Wednesday 26 June 2019

Ask Allison: 'My husband has completely dropped the ball on housework and parenting'

Our resident psychologist answers your queries about life and relationships

"I am so frustrated but don't know how to have the conversation without screaming at him like a banshee." Stock photo

Allison Keating

Q I recently gave up working full-time to spend more time with my two children and to give us all an easier life. I still work - freelance from home - and would spend about 30 hours a week doing so. Since I have taken a step back, my husband has completely dropped the ball when it comes to parenting and housework. Basically, I am left to do everything and am criticised when it isn't done. I am so frustrated but don't know how to have the conversation without screaming at him like a banshee. Can you help?

A If you are in the house on your own right now, I give you full permission to scream like a banshee. If not, a muffled version into a nice pillow will suffice. Adults have temper tantrums too - why, for nearly the exact same reasons as toddlers do; they feel frustrated, they can't say what they want to say, they feel misunderstood and they don't like being told what to do, all day long. Especially when only their 'bad' behaviour is pointed out. The only difference, really, is that you have the ability to regulate your emotions and self-soothe. Breathe in through your nose for four, then out through your nose for four if you feel overwhelmed.

First, we need to soften and then soothe why you feel angry. Ask yourself, does life as it is right now feel fair to you? I'm looking for the part in your life where it has become easier for you? I am stirring away at a concept revolution for adults to live a life with more quality, less quantity, less burnout and more moments of joy, or, at least, a moment to breathe. A necessary revolution and paradigm shift where equality and equity also happen at home.

The workload is exhausting and suffocating for too many, leaving you with what I call the three 'I's - and they are irritable, intolerant and impatient. The combination of these three make non-reactive conversations difficult to achieve. So your husband's criticism will be acutely felt when rather than being thanked and appreciated, you are corrected. This imbalance in the division of labour and gender expectations can really impact the connection in your relationship. So the repair attempts need to have a dual aspect in terms of changes in the quality of life for you and within your relationship.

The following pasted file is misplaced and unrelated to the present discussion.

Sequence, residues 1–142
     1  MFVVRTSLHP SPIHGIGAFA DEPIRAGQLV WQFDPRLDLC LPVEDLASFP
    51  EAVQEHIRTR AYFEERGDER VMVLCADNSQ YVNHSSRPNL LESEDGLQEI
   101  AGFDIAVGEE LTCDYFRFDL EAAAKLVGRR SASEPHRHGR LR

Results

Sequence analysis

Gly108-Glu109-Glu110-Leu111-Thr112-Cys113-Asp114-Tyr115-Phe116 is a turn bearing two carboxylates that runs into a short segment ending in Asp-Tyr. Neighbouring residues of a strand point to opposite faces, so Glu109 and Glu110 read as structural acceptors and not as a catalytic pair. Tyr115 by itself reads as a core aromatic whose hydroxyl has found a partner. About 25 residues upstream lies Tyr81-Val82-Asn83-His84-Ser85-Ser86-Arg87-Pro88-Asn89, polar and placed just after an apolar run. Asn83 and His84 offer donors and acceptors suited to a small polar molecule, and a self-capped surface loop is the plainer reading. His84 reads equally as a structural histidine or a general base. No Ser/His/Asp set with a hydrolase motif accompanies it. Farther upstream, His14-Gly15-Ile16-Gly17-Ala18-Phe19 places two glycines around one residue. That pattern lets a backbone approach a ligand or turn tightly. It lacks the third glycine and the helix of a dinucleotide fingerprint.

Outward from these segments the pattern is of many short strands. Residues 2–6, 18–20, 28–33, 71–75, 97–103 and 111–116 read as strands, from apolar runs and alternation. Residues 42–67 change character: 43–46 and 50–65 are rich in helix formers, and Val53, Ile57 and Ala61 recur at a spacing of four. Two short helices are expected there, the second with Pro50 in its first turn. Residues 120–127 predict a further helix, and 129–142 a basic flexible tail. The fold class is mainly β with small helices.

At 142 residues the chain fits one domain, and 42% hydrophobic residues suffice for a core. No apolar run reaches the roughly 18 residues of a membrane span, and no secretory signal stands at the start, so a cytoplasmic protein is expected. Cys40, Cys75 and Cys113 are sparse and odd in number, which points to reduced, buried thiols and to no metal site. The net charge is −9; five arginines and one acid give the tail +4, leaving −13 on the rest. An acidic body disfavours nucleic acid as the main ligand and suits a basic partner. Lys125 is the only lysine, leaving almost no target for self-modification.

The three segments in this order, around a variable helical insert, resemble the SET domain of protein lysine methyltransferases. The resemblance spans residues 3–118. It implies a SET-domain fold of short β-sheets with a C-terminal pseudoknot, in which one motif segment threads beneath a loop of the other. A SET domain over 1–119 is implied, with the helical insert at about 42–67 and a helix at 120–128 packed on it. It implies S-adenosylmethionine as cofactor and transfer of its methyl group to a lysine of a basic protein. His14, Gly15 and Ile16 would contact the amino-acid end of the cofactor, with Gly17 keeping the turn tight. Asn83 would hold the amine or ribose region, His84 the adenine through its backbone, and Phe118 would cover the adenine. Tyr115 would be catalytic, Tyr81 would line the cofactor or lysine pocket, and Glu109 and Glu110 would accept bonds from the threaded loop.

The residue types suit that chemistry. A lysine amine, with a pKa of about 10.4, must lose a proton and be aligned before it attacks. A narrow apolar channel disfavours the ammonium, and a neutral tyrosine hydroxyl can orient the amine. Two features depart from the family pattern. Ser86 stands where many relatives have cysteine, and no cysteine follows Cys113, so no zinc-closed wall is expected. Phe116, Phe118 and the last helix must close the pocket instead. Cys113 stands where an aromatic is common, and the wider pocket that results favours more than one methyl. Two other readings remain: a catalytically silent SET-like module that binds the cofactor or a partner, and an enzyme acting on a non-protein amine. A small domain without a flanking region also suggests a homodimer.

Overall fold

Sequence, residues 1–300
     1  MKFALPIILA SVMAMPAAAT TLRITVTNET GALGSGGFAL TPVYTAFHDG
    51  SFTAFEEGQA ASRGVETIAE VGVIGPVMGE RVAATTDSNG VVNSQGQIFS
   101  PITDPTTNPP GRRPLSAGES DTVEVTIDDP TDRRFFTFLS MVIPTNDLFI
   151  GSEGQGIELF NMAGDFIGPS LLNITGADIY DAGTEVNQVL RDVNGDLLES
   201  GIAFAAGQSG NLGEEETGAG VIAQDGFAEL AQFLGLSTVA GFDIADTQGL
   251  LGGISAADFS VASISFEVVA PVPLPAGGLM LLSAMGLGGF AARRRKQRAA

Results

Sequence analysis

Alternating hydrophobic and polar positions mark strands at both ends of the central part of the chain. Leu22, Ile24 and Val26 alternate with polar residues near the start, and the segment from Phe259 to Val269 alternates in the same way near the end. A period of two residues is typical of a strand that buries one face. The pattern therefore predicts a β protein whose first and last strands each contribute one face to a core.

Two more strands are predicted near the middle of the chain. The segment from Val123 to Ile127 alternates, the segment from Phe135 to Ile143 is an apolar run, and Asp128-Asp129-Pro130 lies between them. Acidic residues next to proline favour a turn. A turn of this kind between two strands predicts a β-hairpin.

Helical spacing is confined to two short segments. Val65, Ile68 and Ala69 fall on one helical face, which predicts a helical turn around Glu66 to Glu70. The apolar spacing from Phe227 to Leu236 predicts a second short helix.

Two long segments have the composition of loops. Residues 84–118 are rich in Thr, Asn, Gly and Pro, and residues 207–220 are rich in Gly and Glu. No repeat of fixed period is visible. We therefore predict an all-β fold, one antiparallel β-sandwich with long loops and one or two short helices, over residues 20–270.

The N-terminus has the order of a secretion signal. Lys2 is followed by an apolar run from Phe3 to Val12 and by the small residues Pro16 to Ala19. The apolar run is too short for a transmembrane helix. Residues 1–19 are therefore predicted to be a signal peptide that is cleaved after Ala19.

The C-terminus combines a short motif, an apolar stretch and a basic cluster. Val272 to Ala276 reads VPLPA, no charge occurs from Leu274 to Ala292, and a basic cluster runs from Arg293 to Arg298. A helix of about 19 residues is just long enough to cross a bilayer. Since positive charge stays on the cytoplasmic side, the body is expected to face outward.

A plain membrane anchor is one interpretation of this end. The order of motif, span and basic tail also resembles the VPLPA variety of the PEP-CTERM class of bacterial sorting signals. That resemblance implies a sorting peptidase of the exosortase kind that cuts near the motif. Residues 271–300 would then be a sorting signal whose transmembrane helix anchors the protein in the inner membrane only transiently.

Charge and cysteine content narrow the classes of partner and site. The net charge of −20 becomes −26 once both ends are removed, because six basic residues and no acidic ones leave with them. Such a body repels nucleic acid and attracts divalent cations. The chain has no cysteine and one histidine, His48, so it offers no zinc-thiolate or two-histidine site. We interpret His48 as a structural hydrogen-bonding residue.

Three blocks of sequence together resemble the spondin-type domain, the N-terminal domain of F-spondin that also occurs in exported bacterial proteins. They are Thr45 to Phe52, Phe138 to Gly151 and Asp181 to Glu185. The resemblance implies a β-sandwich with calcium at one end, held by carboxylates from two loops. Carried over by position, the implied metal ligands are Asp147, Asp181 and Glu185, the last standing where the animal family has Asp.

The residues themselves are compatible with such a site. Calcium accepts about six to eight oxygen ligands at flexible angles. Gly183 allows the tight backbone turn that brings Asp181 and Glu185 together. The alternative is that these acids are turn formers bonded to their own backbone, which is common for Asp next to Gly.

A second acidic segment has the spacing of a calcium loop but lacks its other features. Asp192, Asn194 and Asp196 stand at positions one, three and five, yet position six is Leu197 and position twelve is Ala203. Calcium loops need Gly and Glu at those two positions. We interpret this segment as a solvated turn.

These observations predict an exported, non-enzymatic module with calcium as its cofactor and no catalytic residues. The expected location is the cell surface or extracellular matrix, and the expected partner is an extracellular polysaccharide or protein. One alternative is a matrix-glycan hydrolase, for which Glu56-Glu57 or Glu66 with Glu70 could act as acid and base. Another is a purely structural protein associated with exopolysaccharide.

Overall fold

What you need is a healthy rant. Put your feelings on paper. This is a private, cathartic exercise which you can rip or burn upon completion. Write out your anger, frustration and the words you have been pushing down. By doing this, it releases the psychological pressure cooker.

I saw this quote today and it resonated deeply with your question: 'We expect women to work like they don't have children and raise children like they don't work.'

How does this pan out in reality though? It shows up as feeling stressed, anxious, always on, nothing ever finished with the dread of so much more to do.

The maths you've presented in terms of your work week aren't adding up. If you spend 30 hours on your freelance work, add two children, homework and/or activities, constant interruption and the emotional load that goes with running a home without forgetting the washing load, I can see why you are feeling banshee-esque.

Listen to what your anger and frustration is telling you. Ask your husband, would he swap roles? If he wouldn't, say that you can't do it either. Tell him you don't like how you are and feel upset and constantly stretched, irritable and disconnected from both yourself and him.

Leah Ruppanner, a sociologist, studies housework, more specifically the relationship between the unequal distribution of the housework and divorce. In particular it was found that when the wife's contribution wasn't acknowledged, this was correlated with divorce. I am not saying you will get divorced, as many households and people will understand the stress you are under. However, it is helpful to identify behaviours that erode marriages and relationships - and chronic criticism is one of them.

As an experiment, this week I want both of you to acknowledge all the good things that you both do.

Ruppaner says never use the 'H' word. H is for 'helping' - he is not helping when sharing the responsibility of housework or parenting. You need to sit down together and divide and conquer, or at least share and conquer.

I'll leave you with the miracle question to get you started. Imagine you went to bed tonight and a miracle happened. When you woke up, what would you notice about your life that would show how it was different? Start there.

If you have a query, email Allison in confidence at

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